ehowton (ehowton) wrote,
ehowton
ehowton

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Widescreen

To everyone on a budget, there are pro's and con's. I only mention the budget part because one of my readers wanted to know why I wasn't projecting 1080p onto a foreign port's silky smooth waters, from my yacht to watch my movies, instead of viewing them on my 42" 720p widescreen television in my bedroom. The short answer is money. The more complicated answer: I try to pay cash for everything and as much as I am in my bedroom watching movies (not much) and wanting the most expedient way to not replace all my 'standard' (480p) DVD's which I'm still trying to replace from my laserdiscs - the most elegant and least cost-prohibitive way to do that, was the 720p. The Vizio 42" is one of the top units for compatibility. I know people who've had to have the latest/greatest/best/soonest and they make me chuckle. Not that there's anything wrong with that. I'm just not what you'd call an early adopter. But then again, if I had unlimited funds, that likely wouldn't be the case. Each of us spends our money on things which are most important to us, and a future-proof television, for me, isn't one of them. I mock those who mock me because when the time is right, I'll simply buy another one. You know those console televisions your parents had? Yeah - that's what your set is going to look like soon enough. Your children will laugh at you.




Then again, what do I know? My son came in while I was composing this picture and said, "Wow - I really like that TV," as he pointed to the console. When pressed, he liked the woodwork. Who knows - by the time my son has children of his own, 70s retro may grip the nation...




But I'm not here to talk about resolution, rather, screen size. I watched a couple of movies this weekend and simply sighed heavily that though my picture is indeed 36.5" (horizontally) it is but 12" high. That's right - my massive 42" widescreen television displays an image a foot tall, and no more. From the users guide:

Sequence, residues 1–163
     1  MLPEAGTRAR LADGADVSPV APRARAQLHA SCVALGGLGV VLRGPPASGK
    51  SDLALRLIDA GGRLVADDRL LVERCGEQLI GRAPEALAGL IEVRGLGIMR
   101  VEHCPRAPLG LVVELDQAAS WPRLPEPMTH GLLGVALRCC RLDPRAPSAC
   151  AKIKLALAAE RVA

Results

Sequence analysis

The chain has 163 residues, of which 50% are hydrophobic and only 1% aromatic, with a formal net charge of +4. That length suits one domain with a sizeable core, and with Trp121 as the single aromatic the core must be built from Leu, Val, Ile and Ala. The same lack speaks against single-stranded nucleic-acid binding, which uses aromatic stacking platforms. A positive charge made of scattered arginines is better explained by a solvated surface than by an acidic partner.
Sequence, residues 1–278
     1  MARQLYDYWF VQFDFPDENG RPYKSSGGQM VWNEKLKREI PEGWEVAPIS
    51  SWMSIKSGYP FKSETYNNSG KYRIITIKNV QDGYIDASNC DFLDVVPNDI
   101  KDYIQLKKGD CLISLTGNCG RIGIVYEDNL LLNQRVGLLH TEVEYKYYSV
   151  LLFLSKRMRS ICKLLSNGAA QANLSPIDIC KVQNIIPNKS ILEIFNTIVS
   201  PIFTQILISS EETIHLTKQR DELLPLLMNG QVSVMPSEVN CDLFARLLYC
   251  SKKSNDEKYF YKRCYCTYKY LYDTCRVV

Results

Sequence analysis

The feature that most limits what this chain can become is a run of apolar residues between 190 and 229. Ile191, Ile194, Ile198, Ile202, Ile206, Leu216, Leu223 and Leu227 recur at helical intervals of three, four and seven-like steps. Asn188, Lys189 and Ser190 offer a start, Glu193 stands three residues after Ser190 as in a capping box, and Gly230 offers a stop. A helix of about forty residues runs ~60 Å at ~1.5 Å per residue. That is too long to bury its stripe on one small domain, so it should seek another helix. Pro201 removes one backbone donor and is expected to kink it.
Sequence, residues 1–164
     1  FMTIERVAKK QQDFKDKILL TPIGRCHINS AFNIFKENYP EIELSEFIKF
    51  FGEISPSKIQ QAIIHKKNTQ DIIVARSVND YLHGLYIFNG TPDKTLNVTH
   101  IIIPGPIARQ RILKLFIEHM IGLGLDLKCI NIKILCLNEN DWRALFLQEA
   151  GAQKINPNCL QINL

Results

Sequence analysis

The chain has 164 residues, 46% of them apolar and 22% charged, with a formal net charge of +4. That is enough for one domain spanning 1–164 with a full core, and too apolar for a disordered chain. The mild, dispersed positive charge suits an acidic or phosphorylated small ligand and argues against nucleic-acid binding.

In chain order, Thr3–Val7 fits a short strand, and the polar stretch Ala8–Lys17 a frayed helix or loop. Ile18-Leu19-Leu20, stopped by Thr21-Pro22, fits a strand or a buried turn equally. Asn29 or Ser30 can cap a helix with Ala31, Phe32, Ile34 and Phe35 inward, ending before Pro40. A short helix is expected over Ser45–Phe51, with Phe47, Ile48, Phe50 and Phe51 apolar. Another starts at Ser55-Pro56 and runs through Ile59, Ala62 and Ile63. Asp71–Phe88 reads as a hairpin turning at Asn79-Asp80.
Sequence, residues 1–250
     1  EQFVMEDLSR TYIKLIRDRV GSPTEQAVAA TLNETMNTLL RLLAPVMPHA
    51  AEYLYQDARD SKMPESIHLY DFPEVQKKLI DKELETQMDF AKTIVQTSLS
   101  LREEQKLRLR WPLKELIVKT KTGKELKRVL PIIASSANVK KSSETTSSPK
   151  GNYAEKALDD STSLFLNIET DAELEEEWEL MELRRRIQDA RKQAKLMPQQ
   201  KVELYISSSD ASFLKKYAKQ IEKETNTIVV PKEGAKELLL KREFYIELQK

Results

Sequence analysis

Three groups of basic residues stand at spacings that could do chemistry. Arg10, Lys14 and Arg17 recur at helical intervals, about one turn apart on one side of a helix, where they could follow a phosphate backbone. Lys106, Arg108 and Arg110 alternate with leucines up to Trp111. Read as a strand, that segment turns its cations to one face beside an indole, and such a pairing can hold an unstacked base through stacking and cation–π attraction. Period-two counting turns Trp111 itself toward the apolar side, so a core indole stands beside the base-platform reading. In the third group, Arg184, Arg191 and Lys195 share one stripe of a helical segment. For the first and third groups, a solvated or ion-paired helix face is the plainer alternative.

Widescreen versions of DVD movies are most commonly formatted for standard 4:3 televisions.

This gives me 38.5" viewable (diagonal) - but only 12" high. Though I despise Pan & Scan, at least you get a lot more real estate. In this regard, it feels a lot like my new widescreen monitor. Although, I am getting used to expanding out, rather than up and down. Seeing a picture only twelve inches high, no matter how its presented, just feels...wrong.

Another thing which completely shocked me about this television is the amount of heat it puts out its front panel. WOW! Just walking by it burns my arm with targeted heat. Its not hot to the touch, but it radiates something fierce.

Still - its an amazing thing. It will be made one better when we finally get the last piece of the puzzle: The Blu-Ray player.

...

Enough about the television, on to the movies!

We watched The Golden Compass to ensure its suitability for our children (it was), and I agree with hiro_antagonist's review of it wholeheartedly. An enjoyable suspense from the daily grind for both children and adults.

Sweeny Todd on the other hand was brilliantly executed. Though I was familiar with the story from only a very high-level as that's one I'd not seen on stage, I was completely blown away by the film. Once again, we find that Johnny Depp embodies the protagonist to the degree that it is difficult to consider this role having been played by anyone else, and I'm not even a fan of his! A lot of this I owe to Tim Burton, who's choices in stylization are both bold, and brilliant. He's the opposite of technicolor; the entire movie (minus the flashbacks which were done the inverse of Wizard of Oz-style) was desaturated with just hits of color (usually a deep red) here and there. Just magnificent. The title sequence (textbook Burton) had me groaning with another highly-stylized film, and though this was, it wasn't as expected.

Burton, always keeping it fresh.



All that stuff I said about a 12-inch high image, yeah, swashbuckler332 fixed all that, and it looks glorious. Thanks dude.
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